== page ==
We are interested in integrating unorthodox, at best new interactions into catalysis. This is important because new ways to interact should lead to new reactivity. In this spirit, we have introduced catalysis with anion-π interactions in 2013, followed by catalysis with chalcogen bonds in 2017 and catalysis with pnictogen bonds in 2018.

The idea of anion-π catalysis is to stabilize anionic transitions states on π-acidic aromatic surfaces. This is complementary to conventional cation-π biocatalysis, just like nucleophilic aromatic substitution is complementary to electrophilic aromatic substitution. The first five years of anion-π catalysis have been summarized in Acc. Chem. Res. 2018, 51, 2255–2263.

Chalcogen and pnictogen bonds can be considered as complementary to the highly delocalized anion-π interactions, with focused sigma holes to operate at high precision in hydrophobic media. Arguably, they will emerge as the non-covalent counterpart of covalent Lewis acid catalysis, just like hydrogen-bonding catalysis is the non-covalent counterpart of Brønsted acid catalysis. One current topic with chalcogen, pnictogen and tetrel bonding catalysis is to work out distinct advantages compared to general Lewis acids.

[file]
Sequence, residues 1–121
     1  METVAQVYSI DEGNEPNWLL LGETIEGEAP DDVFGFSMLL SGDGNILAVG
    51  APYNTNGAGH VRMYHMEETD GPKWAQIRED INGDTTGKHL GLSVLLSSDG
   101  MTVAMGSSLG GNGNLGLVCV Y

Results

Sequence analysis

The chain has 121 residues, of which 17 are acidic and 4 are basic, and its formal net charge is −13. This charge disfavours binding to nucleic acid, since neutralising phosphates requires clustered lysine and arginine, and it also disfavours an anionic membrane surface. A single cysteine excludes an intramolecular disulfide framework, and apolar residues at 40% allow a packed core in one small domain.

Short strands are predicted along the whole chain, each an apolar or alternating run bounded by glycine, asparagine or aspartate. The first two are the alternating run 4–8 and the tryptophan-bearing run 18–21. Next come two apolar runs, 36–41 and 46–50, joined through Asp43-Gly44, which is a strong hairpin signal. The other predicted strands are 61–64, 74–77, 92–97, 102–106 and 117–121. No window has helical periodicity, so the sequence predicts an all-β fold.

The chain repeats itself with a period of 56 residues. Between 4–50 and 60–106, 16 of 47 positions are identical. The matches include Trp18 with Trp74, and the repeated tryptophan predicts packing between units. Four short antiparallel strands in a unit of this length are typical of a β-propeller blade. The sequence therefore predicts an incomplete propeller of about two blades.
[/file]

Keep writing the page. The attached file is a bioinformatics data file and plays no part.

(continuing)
With regard to reactions, we are interested in any transformation that could benefit from unorthodox interactions. Enolate chemistry and cycloadditions have been most attractive, current emphasis is on epoxide-opening polyether cascade cyclizations. As leading examples for access to new reactivity, violations of the Baldwin rules with pnictogen bonds and autocatalysis in π-acidic surfaces are of highest current interest.

Fundamental anion-π catalysis research focuses on anion-π catalysts, particularly naphthalenediimides (NDIs), perylenediimides (PDIs), fullerenes and higher carbon allotropes. We currently shift attention toward more complex systems, with emphasis on foldamers, lipid bilayer membranes, artificial enzymes and electrodes in microfluidics. Lipid bilayer membranes are fascinating to combine transport and catalysis in a solvent free environment, with confinement, directionality and compartmentalization for remote control. Systems catalysis on conducting surfaces in microfluidic devices aims for selectivity control and, ultimately, programmable multistep synthesis in electric fields. Artificial enzymes with unorthodox interactions are interesting to screen mutant libraries for asymmetric catalysis and new reactivity, ultimately also for use in live cells for metabolic engineering.

Methods: These projects generate expertise in synthetic methodology, in combination with total synthesis, supramolecular analysis and (optional) extension to molecular modeling, optoelectronic materials characterization, surface chemistry (heterogeneous catalysis on electrodes), and biocatalysis.

Collaborations: These projects offer optional in-house collaboration possibilities with regard to computational chemistry and ultrafast photophysics. They are loosely connected to the NCCR Molecular System Engineering, with possible collaboration with other members (artificial enzymes, device engineering), NCCR group meetings and retreats.

For the general public: 1, 2, 3, 4, 5, 6, 7

Some recent graphical abstracts: